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Public Private Partnership

In July 2014, the Transport Agency signed a PPP contract with Wellington Gateway Partnership.

Transmission Gully motorway project before the Public Private Partnership (PPP)

Following decades of discussion and proposals, Wellington’s iconic Transmission Gully motorway project is underway.

On this page you'll find information about the Transmission Gully motorway project, before the Public Private Partnership (PPP) was signed.  For all information on the design and construction of the Transmission Gully motorway by the Public Private Partnership consortium (Wellington Gateway partnership), please go to the Transmission Gully motorway project page.

Chronological timeline

There’s been documented public interest in an inland route through Transmission Gully going back as far as 1919. However, it has only been in the last two decades that public views have been canvassed more formally.

In 2008, two major public consultations were undertaken to ask residents of the greater Wellington region if a route through Transmission Gully should be progressed. Both public consultations returned overwhelming support for a motorway through the gully.

In the first half of 2012, regulatory consent applications for the project were heard and approved by an independent Board of Inquiry. And in November 2012, the NZ Transport Agency received the Government’s approval to proceed with the Transmission Gully motorway through a Public Private Partnership.

  • 2008

    In 2008, during Phase 1 of the Transmission Gully project, the NZ Transport Agency undertook public consultation on the preferred route through Transmission Gully. The consultation resulted in 88.6% of respondents supporting the preferred route.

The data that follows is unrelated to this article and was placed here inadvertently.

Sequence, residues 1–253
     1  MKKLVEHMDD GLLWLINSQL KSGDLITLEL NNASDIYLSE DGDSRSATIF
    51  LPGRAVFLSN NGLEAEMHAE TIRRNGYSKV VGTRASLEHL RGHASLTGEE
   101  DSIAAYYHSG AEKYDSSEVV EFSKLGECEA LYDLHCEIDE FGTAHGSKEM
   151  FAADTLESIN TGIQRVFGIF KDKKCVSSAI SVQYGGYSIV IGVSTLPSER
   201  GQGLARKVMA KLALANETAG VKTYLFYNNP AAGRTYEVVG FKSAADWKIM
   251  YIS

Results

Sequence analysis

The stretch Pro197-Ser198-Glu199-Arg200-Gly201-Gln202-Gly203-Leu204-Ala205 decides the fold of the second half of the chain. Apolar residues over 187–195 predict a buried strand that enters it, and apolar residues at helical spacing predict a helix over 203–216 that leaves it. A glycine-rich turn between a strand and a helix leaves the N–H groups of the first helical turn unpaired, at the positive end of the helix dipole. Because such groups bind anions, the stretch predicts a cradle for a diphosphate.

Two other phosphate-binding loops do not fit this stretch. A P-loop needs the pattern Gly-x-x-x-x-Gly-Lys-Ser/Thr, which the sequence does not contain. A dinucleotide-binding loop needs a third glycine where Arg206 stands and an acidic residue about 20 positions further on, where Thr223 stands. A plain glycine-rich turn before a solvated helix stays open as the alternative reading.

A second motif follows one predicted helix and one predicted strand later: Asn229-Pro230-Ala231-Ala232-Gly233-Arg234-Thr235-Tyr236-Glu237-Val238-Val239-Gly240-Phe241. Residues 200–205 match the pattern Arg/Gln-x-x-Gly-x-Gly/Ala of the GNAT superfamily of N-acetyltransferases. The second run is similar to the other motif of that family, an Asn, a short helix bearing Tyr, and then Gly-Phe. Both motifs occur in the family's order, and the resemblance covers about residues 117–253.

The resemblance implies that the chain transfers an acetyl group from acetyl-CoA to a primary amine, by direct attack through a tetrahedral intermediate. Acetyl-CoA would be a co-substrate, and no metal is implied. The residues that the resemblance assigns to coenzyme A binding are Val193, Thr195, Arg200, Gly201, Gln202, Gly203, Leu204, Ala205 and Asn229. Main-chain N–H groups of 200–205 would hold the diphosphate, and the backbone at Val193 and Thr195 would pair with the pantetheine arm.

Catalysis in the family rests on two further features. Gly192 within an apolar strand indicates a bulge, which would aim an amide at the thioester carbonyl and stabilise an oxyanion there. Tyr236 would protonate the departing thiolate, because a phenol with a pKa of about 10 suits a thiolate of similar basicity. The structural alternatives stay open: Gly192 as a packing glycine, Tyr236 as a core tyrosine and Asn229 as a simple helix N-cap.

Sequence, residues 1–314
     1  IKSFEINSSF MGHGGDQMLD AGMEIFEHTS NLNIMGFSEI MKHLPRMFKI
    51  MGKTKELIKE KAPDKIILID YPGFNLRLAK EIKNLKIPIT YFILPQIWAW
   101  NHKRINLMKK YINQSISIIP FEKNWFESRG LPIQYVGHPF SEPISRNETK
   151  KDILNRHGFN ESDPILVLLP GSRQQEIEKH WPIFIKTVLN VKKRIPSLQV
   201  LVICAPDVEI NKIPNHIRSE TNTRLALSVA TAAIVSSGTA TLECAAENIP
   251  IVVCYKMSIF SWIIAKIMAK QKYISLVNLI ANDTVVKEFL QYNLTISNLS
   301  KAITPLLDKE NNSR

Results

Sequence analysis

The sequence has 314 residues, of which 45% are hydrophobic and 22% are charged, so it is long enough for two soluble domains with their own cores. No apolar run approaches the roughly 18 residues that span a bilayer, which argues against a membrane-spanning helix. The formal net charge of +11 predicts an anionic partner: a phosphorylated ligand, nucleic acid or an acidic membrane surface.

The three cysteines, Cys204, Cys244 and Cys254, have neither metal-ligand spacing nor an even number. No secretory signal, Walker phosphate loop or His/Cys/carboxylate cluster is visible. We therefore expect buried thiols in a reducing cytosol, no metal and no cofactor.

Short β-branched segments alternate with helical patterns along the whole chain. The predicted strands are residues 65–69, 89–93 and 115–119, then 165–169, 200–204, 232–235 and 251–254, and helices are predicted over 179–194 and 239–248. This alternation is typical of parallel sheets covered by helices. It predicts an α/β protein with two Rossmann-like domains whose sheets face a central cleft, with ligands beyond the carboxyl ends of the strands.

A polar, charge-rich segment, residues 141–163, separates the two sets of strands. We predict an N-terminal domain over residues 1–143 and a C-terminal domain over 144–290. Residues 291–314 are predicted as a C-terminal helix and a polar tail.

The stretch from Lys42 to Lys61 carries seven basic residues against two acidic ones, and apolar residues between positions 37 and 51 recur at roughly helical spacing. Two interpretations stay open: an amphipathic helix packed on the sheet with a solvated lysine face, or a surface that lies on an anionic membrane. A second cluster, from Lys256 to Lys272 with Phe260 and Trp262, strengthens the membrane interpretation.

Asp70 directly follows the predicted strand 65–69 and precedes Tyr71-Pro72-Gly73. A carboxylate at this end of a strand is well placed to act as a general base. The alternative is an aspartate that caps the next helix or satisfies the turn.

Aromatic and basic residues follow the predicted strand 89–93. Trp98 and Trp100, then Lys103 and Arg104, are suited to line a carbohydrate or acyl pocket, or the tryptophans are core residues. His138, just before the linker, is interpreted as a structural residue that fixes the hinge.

• 2010

    In 2010, during Phase 2 of the project, engagement on design and environmental matters was undertaken with iwi, community groups, statutory agencies and territorial/local authority stakeholders in preparation for the lodgement of Notice of Requirement (NoR) and resource consent applications with the Environmental Protection Authority (EPA).

    In September 2010, the Transport Agency lodged a request with the Environmental Protection Authority (EPA) seeking changes to the Wellington Regional Freshwater Plan to provide a clearer policy framework within which resource consent applications for activities in and on water bodies can be considered.

  • 2011

    A Board of Inquiry hearing was held on the request in July 2011 and the Board announced its final decision on 10 October 2011. Details of the final decision can be accessed here(external link)

    (external link)On 15 August 2011, the Transport Agency lodged the applications with the EPA and detailed information on the applications, process and timeframes. 

    On 24 August 2011, the Environmental Protection Authority (EPA) recommended to the Minister for the Environment that the regulatory consent applications lodged for the Transmission Gully project be directed to a Board of Inquiry as a proposal of national significance. 

    On 16 September 2011, the Minister for the Environment directed that the applications be referred to a Board of Inquiry.

    The Minister for the Environment's media statement on the applications referral can be accessed here(external link).

    The Transport Agency's media statement on the applications referral can be accessed here(external link).

    The Minister of Transport's media statement on the applications referral can be accessed here(external link).

  • 2012

    The Board of Inquiry’s hearing on the Transmission Gully applications was conducted from 13 February 2012 to 15 March 2012.